This high quality Kilt Belt buckle is made in the UK. It is made in chrome in a traditional kilt buckle shape with a gold Welsh dragon in the center. Perfect for any Welshman wearing a kilt. This buckle is a USA Kilts exclusive!
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- First Purchase Gryff
Quality Price ValueHigh finish and solidly constructed. Very quick delivery for my first order. Thank you-happy camper! (Posted on 5/15/2018)
- Welsh Kilt Belt Buckle Jim
Price Value QualityThe Welsh Kilt Belt Buckle was orderd from my wish list very simple, but stately. (Posted on 1/1/2016)
- very pleased Joanna
Quality Price ValueLooks nice, seems well-made, shipped very quickly. (Posted on 7/4/2015)
- Best Accessories Joe
Quality Price ValueI've ordered a lot of accessories from a lot of different places, and these are the only ones I've found worth the price. (Posted on 10/14/2014)
- Great buckle Tim
Price Value QualityThis is a great quality buckle, I love it! (Posted on 10/14/2014)
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Buyers GuideThe kilt belt is a “different animal” from a regular jeans belt. To attach a kilt belt, start with the end of the belt without the metal ‘D’. Slide the tapered end of the belt through the backside of the buckle with the corresponding metal bridge. Double the belt back on itself and attach the Velcro (or small strap and roller buckle) to itself. Now, the “hook end” of the buckle will be able to attach to the ‘D’ end of the belt. Adjust the kilt belt’s size by doubling the belt back on itself more or less until you get it to the proper size.
- Made in UK
- Measures 3.9" wide X 2.9" high
When a kilt belt is worn is a personal preference to a degree, but there are certain situations where it is “less appropriate”. One such situation is when wearing a dress sporran. When the dress sporran is worn, you do not typically wear a kilt belt. When you wear a waistcoat (i.e. vest) with a Semi Dress sporran, you can wear a kilt belt, or you can go without. Rocky personally wears a kilt belt for all occasions, except where a dress sporran is required.
The red Welsh Dragon appears on the national flag of Wales. The oldest recorded use of the dragon to symbolize Wales is from the Historia Brittonum, written around 820, but it is popularly supposed to have been the battle standard of King Arthur and other ancient Celtic leaders. During the reigns of the Tudor monarchs, the red dragon was used as a supporter in the English crown's coat of arms. The red dragon is often seen as a shorthand for all things Welsh, being used by many indigenous public and private institutions today.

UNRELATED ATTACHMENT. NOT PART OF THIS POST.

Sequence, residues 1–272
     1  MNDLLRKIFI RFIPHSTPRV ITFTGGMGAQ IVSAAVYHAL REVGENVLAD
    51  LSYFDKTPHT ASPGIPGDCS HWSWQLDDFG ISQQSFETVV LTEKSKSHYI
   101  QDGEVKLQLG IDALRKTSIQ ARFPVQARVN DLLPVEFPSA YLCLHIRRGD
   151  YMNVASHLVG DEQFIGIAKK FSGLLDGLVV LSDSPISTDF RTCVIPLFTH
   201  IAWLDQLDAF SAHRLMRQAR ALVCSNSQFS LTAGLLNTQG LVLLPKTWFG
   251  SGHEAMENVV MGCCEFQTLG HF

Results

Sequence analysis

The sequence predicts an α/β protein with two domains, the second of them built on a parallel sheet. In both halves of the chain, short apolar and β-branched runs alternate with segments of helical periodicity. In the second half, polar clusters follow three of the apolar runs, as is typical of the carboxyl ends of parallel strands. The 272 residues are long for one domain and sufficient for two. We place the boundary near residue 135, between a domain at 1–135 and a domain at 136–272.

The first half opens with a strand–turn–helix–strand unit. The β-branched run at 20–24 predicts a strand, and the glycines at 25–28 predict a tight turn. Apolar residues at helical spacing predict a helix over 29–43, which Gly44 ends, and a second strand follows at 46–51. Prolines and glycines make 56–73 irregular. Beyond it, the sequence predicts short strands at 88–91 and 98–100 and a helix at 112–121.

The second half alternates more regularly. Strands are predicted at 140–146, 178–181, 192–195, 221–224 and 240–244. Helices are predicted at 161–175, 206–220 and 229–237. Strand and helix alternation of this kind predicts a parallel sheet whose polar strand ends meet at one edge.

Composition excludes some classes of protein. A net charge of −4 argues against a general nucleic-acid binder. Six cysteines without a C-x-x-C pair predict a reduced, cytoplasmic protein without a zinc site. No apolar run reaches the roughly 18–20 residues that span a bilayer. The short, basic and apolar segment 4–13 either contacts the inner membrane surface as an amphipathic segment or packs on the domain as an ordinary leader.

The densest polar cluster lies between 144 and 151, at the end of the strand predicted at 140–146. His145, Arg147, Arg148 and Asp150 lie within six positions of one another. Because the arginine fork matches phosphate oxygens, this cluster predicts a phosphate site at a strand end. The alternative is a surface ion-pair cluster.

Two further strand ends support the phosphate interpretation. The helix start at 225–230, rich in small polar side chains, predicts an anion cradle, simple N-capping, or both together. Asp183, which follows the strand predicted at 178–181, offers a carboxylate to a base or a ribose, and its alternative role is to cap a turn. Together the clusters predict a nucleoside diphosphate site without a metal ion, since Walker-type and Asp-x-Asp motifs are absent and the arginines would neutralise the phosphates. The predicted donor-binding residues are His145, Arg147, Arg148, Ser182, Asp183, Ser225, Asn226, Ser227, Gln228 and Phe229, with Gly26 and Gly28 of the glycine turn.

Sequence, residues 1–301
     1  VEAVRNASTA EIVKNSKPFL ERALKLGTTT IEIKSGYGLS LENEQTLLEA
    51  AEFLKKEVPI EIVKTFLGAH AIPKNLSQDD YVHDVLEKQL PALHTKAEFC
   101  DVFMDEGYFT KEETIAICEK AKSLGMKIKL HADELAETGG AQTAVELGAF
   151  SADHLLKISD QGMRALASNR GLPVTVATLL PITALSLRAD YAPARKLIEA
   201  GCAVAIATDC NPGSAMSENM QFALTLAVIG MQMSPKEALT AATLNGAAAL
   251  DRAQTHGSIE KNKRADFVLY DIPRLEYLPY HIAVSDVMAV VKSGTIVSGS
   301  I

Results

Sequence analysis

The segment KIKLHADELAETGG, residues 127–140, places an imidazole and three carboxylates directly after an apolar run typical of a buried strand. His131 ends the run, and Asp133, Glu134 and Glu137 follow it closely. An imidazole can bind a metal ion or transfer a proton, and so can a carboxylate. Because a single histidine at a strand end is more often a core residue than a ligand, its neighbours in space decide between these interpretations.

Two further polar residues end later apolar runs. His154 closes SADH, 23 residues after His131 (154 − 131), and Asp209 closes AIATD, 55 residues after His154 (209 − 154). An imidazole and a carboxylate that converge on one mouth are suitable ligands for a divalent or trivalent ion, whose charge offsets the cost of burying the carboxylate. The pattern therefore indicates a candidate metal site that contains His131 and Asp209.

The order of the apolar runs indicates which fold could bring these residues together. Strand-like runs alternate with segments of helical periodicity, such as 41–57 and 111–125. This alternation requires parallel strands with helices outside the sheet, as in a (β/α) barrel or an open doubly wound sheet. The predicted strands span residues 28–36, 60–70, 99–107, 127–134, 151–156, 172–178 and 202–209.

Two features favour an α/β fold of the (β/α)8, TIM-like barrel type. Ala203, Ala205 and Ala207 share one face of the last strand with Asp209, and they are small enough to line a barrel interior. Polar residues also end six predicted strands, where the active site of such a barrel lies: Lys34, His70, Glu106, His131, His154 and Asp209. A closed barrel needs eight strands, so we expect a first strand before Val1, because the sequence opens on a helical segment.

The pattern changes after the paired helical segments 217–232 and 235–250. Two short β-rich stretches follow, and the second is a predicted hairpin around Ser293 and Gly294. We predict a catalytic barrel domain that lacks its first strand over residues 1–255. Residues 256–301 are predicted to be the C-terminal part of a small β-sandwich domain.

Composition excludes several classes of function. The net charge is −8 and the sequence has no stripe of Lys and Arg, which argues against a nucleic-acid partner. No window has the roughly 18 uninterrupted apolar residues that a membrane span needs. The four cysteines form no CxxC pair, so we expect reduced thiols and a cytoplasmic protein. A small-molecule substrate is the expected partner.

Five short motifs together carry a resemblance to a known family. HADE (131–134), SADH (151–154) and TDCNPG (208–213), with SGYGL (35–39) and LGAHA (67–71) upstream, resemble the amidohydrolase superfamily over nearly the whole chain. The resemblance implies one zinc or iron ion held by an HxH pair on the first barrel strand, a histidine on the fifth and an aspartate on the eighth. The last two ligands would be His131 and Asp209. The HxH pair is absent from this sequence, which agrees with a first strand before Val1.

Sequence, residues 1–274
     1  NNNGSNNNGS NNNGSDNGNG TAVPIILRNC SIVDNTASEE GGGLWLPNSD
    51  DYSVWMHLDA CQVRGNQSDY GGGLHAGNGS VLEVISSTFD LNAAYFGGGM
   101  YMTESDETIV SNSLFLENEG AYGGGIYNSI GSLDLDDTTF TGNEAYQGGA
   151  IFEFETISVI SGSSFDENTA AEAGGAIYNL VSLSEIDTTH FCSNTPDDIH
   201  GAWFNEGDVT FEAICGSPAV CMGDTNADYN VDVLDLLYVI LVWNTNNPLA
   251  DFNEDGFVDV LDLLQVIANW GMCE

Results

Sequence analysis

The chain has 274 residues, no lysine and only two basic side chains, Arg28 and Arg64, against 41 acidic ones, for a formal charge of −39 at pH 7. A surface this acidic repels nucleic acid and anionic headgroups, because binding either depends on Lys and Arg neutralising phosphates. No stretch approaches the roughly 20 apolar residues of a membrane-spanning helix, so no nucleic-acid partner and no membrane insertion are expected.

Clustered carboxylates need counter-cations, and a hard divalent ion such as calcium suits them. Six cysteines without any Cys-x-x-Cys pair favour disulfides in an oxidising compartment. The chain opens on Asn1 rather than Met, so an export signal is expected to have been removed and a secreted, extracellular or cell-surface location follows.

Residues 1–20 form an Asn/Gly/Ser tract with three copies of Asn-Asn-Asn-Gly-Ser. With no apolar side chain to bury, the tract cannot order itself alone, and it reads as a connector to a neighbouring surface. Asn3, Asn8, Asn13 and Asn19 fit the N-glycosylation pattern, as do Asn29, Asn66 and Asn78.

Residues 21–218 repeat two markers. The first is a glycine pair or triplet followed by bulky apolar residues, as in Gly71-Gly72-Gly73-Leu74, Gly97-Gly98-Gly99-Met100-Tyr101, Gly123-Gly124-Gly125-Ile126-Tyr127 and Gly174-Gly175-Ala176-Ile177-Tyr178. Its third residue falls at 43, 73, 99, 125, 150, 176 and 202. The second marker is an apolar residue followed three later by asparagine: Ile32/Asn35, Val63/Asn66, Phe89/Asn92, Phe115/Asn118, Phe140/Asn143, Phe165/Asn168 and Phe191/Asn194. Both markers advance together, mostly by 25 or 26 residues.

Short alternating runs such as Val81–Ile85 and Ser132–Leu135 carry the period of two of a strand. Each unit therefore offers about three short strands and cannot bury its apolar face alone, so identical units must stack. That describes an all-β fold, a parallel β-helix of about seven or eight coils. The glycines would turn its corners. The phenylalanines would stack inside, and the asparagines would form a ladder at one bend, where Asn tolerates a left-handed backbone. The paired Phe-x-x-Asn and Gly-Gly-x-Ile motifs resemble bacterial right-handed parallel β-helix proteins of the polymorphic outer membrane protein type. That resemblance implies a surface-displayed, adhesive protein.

In the Mabinogion story Lludd and Llefelys, the red dragon fights with an invading White Dragon. His pained shrieks cause women to miscarry, animals to perish and plants to become barren. Lludd, king of Britain, goes to his wise brother Llefelys in France. Llefelys tells him to dig a pit in the centre of Britain, fill it with mead, and cover it with cloth. Lludd does this, and the dragons drink the mead and fall asleep. Lludd imprisons them, still wrapped in their cloth, in Dinas Emrys in Snowdonia (Welsh: Eryri).
The tale is taken up by Nennius in the Historia Brittonum. The dragons remain at Dinas Emrys for centuries until King Vortigern tries to build a castle there. Every night the castle walls and foundations are demolished by unseen forces. Vortigern consults his advisers, who tell him to find a boy with no natural father, and sacrifice him. Vortigern finds such a boy (who is later, in some tellings, to become Merlin) who is supposed to be the wisest wizard to ever live. On hearing that he is to be put to death to solve the demolishing of the walls, the boy dismisses the knowledge of the advisors. The boy tells the king of the two dragons. Vortigern excavates the hill, freeing the dragons. They continue their fight and the red dragon finally defeats the white dragon. The boy tells Vortigern that the white dragon symbolises the Saxons and that the red dragon symbolises the people of Vortigern. If Vortigern is accepted to have lived in the fifth century, then these people are the British whom the Saxons failed to subdue and who became the Welsh.
The same story is repeated in Geoffrey of Monmouth's History of the Kings of Britain, where the red dragon is also a prophecy of the coming of King Arthur. It is notable that Arthur's father was Uther Pendragon ("chief dragon").
We try to keep this buckle in stock at all times. In the rare instance that it is out of stock when you place your order, we will let you know within 24 hours.